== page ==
EDU 6620 Methods and Procedures for Learning Disabilities (3 credit hours) – This course addresses basic assessment procedures, selection and utilization of instructional methods, materials and individualized programming for individuals with specific learning disabilities.  Special education law and policies are analyzed along with IEP components and educational interventions across various service delivery options.

EDU 6640 Behavior Management (3 credit hours) – This course focuses on identifying, recording, evaluating, and changing social and academic behaviors of special and diverse populations. Theories of classroom management are explored and various approaches to management including use of technological advances are addressed. Developing classroom and individual behavior management plans are emphasized.

EDU 6650 Teaching Reading for Students with Disabilities (3 credit hours) – An understanding of effective reading and writing instruction, with emphasis on the challenges faced by children with a wide array of disabilities is provided. Major approaches to assessment and remediation in reading are reviewed, enabling students to develop diagnostic-prescriptive programs. In addition, this course provides methods of remediation in oral language, handwriting, spelling, and conceptual writing. An appropriate array of strategies to meet a wide range of individual differences across age levels are identified.

EDU 6680 Practicum in Instruction for Students with Learning Disabilities (3 credit hours) – Methods for adjusting instruction according to student needs and performance through evidence-based instructional strategies and data-driven differentiated instruction are identified.  Effective classroom and behavior management are utilized while establishing a positive, productive, and safe learning environment with high expectations for all students.  Reflection and collaboration through best teaching practices for a diverse population of students is developed. 

EDU 6800 Professional Leadership and Mentoring (3 credit hours) – This course assists to organize and develop a research-based field experience mentoring design related to mentoring in an educational setting focusing on providing high-quality learning experiences, coaching, and feedback through effective leadership.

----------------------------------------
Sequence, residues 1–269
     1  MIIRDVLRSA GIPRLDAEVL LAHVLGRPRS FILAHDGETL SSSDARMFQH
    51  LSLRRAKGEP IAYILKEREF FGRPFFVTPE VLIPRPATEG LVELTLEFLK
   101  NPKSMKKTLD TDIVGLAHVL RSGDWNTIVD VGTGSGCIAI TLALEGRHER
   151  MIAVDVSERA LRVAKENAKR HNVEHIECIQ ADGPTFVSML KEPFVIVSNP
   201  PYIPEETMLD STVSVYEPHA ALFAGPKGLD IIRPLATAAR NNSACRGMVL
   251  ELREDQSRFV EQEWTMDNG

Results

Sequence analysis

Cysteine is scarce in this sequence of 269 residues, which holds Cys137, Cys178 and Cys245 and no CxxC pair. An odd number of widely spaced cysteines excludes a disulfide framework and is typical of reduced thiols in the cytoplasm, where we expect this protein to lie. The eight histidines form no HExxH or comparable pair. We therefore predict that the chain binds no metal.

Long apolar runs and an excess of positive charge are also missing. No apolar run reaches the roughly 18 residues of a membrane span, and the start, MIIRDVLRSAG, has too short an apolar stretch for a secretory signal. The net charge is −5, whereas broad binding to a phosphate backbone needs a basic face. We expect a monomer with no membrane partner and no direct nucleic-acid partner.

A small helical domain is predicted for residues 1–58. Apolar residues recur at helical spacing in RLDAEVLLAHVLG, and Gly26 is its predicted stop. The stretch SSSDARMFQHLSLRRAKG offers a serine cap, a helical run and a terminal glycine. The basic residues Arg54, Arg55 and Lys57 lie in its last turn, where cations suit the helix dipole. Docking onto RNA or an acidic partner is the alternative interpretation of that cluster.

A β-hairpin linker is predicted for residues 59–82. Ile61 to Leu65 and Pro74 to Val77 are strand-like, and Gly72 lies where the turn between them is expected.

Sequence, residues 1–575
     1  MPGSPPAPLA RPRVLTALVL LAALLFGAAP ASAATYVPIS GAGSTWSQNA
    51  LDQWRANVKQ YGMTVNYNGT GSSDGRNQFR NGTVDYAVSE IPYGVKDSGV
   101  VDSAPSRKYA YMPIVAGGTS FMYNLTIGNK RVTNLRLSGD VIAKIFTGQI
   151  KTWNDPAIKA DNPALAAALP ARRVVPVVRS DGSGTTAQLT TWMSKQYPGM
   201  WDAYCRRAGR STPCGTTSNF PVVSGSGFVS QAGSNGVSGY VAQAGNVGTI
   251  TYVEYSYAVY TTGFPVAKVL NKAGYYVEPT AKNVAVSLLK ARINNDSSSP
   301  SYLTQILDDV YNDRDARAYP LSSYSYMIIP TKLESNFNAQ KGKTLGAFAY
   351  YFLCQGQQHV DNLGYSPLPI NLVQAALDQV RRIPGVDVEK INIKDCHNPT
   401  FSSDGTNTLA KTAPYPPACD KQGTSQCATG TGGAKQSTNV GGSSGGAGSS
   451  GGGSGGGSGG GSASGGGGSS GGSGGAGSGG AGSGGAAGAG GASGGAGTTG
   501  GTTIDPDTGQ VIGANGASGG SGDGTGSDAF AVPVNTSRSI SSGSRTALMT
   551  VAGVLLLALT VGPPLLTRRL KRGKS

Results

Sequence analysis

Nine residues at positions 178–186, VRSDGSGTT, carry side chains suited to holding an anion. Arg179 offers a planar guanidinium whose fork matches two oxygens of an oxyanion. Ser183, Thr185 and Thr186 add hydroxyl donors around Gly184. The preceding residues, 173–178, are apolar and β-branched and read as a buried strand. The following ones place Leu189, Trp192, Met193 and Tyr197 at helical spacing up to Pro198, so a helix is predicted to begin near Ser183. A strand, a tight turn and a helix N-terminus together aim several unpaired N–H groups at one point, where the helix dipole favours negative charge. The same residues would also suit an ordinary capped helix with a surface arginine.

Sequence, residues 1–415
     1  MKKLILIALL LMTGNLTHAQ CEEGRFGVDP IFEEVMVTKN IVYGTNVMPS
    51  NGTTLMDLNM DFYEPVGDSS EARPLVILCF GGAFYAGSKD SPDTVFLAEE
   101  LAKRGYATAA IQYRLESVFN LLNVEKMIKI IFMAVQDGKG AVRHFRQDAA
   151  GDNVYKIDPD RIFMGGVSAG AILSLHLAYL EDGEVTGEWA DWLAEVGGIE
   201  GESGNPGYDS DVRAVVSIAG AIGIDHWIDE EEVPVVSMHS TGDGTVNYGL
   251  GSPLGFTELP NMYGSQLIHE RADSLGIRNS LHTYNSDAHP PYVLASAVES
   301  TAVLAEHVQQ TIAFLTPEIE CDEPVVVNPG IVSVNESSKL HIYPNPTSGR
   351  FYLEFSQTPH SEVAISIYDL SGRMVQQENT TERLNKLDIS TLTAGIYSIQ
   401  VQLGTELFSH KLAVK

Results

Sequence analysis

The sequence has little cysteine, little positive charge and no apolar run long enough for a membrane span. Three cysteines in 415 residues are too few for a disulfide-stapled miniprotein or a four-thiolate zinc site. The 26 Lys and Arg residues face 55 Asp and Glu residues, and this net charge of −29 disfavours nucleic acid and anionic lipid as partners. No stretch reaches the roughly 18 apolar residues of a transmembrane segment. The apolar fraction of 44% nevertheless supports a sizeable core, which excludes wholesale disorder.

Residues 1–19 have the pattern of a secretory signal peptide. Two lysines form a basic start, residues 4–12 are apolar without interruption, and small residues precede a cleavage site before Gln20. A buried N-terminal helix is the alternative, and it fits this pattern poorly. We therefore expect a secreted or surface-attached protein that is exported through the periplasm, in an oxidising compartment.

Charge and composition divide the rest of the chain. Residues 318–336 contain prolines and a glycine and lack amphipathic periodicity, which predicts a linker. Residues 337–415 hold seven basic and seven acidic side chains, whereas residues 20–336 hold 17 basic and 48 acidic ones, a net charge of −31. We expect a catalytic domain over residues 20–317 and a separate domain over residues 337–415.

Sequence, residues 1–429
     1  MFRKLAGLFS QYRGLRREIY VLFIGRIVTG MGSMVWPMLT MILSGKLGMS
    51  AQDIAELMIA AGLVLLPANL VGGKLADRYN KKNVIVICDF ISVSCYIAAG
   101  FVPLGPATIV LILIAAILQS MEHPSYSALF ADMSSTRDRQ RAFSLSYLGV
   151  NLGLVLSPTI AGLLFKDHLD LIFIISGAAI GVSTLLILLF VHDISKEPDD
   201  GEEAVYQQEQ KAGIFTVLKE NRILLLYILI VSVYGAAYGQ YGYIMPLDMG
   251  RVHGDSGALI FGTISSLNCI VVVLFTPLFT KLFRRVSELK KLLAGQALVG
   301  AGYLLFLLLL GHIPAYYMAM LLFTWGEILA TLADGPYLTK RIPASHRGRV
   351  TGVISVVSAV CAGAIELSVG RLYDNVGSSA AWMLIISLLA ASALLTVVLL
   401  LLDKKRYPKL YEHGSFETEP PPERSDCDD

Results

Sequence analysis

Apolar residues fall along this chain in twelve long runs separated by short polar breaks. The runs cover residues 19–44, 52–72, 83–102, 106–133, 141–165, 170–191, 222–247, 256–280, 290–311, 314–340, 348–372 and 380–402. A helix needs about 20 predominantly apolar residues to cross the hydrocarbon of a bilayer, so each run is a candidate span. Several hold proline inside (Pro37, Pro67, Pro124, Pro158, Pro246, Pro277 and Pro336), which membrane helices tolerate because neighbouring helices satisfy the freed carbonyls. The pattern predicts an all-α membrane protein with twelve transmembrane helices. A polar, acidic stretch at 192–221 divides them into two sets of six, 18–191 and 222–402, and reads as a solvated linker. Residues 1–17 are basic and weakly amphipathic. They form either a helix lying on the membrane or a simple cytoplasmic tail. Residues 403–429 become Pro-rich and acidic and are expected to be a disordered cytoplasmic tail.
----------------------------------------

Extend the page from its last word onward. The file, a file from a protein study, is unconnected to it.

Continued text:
EDU 6820 Ethics in Teacher Leadership (3 credit hours) – This course contains a detailed study of ethical issues encountered by teacher leaders in the contemporary cultural setting.  Personal values are explored as they relate to practical applications in the educational field.  Questions related to truthful communication, power relations, professional integrity, and poverty as well as ethnic, cultural, and racial differences are addressed in the context of Christian leadership and decision-making. 

EDU 6840 Conflict Resolution in Teacher Leadership (3 credit hours) – This course focuses on the knowledge, skills, and necessary dispositions to assist leaders to think critically and creatively about conflict and understand conflict from multiple points of view.  Reflection on the role of leadership in conflict is practiced including self-analysis of own conflict management skills and best practices mediating and facilitating conflict from a leadership perspective.

EDU 6860 Practicum in Teacher Leadership (3 credit hours) – This course provides a 36-hour, field-based practicum in which opportunities for mentoring and leadership are provided, with observations, self-assessment, and formative/summative evaluations conducted.

For more information on our upcoming terms, course offerings, and the textbooks you’ll need, follow the links below:

All Graduate School of Education faculty members at NGU hold doctoral degrees in various educational areas. Additionally, faculty members are experienced teachers who are seasoned leaders. 

Students in NGU’s Ed.D program are taught and mentored by these highly credentialed faculty, who not only possess years of experience in their respective fields of study, but also enable students to think critically and develop into more effective and impactful leaders in the field of education.

Dr. Constance Wright | Dean of the College of Education

Constance Wright, Ed.D.

Dean of the College of Education
Professor of Education